Date of Award


Document Type


Degree Name

Doctor of Philosophy


Counseling Psychology, Ph.D.

First Advisor

Robert J. Cruise

Second Advisor

Wilfred G. A. Futcher

Third Advisor

D. J. Habenicht


Problem. Research on James Marcia's identity statuses has been directed toward the overall problem of identity, but not toward the specific area of occupational identity. The major purpose of this study was to develop and validate an instrument to assess Marcia1s Identity Statuses (Achievement, Moratorium, Foreclosure, and Diffusion) for the occupational area. In addition, the relationships of selected variables to these statuses were investigated.

Method. Random class groups of students (N=417) from six selected high schools and colleges located in Michigan provided the data for this study. Items were created utilizing the criteria established by previous research and content validated by a group of experts. Responses were analyzed and measures of construct and concurrent validity were obtained. Also indexes of internal consistency and item discrimination were estimated. The effects of the variables sex, class level, employment situation, and parental financial dependence upon the scale scores were examined.

Results. Four factors were identified for the four occupational identity statuses. They accounted for 49 percent of the total variance. Reliability coefficients were .87, .84, .72, and .70 for the Achievement, Moratorium, Foreclosure, and Diffusion scales, respectively. Concurrent validity coefficients were .79, .68, .38, and .43 for the scales, when correlated with a similar instrument. The study of the related variables revealed class and sex main effects. High-school students scored higher than college students on the Moratorium, Foreclosure, and Diffusion scales. Males scored higher than females on the Foreclosure and Diffusion scales. The study failed to identify main effects for the other two variables. Several simple effects were also significant.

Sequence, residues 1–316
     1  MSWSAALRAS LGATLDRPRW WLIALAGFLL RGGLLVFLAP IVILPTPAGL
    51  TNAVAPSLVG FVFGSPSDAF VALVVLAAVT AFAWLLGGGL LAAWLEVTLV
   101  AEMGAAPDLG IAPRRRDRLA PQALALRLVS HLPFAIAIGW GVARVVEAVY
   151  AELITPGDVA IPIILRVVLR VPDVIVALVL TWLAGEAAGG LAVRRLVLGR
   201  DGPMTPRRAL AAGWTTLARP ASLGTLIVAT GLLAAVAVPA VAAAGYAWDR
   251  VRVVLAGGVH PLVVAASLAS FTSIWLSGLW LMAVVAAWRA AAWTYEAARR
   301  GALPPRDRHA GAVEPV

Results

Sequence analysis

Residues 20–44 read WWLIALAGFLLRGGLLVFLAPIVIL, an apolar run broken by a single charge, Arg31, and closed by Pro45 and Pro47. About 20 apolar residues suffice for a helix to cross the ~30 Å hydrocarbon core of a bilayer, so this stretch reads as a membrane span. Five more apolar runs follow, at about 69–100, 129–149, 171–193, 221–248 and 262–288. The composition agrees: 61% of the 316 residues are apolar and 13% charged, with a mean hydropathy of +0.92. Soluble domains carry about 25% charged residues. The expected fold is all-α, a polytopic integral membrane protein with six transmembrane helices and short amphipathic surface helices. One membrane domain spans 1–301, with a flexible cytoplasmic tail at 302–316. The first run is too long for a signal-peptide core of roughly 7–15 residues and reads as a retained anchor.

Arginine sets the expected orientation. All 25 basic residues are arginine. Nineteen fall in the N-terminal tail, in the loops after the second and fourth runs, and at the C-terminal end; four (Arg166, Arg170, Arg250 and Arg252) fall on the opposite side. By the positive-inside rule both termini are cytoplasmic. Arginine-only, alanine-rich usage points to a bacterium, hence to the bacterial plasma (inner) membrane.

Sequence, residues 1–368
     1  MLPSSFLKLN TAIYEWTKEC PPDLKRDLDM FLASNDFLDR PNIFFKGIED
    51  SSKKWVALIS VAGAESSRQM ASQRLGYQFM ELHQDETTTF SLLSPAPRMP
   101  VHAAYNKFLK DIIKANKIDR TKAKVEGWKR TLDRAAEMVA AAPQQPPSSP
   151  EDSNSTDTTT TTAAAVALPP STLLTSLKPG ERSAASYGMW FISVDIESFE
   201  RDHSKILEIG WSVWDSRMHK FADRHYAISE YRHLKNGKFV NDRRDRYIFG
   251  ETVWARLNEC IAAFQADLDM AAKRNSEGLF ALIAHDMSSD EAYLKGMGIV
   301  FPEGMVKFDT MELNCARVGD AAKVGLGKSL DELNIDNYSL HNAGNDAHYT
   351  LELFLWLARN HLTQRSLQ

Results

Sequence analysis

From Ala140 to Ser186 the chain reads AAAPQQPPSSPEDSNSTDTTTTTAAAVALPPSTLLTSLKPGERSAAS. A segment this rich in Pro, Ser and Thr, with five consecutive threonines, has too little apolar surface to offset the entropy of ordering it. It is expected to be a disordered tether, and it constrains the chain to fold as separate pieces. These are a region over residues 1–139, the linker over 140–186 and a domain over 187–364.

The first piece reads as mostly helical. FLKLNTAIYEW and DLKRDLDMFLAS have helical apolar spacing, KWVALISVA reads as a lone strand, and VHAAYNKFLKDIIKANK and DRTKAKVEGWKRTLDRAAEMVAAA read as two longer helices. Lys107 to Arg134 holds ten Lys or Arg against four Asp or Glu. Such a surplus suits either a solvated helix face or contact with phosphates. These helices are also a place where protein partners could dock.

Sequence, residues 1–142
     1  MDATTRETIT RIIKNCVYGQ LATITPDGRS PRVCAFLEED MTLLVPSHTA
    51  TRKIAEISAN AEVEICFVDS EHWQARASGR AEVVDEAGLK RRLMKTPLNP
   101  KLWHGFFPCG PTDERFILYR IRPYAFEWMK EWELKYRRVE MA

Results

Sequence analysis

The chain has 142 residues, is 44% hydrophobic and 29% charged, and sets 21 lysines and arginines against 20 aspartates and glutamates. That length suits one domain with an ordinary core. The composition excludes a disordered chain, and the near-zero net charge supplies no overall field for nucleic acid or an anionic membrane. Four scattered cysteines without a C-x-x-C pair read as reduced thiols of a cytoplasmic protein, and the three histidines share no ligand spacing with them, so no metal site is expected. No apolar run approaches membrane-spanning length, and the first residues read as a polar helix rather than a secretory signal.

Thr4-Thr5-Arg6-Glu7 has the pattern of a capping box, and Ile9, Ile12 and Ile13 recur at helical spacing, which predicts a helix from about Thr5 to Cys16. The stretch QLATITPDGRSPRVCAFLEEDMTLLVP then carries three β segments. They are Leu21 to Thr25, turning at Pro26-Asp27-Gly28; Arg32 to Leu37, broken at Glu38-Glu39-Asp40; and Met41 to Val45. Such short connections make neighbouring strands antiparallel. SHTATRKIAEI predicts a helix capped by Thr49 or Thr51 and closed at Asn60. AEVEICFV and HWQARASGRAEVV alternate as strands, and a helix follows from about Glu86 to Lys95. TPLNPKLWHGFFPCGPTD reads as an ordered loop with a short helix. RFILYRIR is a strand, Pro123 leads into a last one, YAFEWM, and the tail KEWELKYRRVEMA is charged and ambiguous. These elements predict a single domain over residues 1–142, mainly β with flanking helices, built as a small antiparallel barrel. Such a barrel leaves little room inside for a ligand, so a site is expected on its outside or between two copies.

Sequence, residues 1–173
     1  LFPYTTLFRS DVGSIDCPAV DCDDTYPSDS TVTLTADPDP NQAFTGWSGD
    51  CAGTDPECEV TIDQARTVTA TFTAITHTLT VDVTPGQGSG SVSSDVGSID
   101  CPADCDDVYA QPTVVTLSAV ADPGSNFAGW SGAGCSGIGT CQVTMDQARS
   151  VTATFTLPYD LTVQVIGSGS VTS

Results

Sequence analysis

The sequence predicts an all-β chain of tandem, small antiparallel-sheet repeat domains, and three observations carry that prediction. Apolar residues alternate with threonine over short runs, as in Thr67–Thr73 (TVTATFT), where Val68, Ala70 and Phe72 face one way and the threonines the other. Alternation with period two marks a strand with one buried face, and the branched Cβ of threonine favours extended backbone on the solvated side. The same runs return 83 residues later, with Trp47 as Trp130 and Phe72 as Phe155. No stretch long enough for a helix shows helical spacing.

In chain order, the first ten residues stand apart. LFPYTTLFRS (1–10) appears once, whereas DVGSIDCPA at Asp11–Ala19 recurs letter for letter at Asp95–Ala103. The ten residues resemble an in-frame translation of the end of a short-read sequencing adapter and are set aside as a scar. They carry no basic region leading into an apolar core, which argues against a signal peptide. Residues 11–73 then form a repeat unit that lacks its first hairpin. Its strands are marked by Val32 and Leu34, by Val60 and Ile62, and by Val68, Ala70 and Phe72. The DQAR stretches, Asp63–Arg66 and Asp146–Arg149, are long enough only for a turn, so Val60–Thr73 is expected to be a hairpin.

1. Marcia's four-status theory was validated for the area of occupational identity.
  2. The new instrument can objectively gather occupational identity data from a rather large group of subjects.
  3. A developmental pattern in occupational identity which grows with grade level was observed. This could provide valuable information for parents and career counselors as they attempt to influence the students' career decisions.
  4. Men probably need more help in consolidating their occupational identity than women do.
  5. Holding part-time employment might not help female students (regardless of their class level) to accomplish occupational identity.
  6. A high degree of parental financial dependence might exert a negative effect on the development of occupational identity development.

Subject Area

Vocational interests, High school students.


Files over 3MB may be slow to open. For best results, right-click and select "save as..."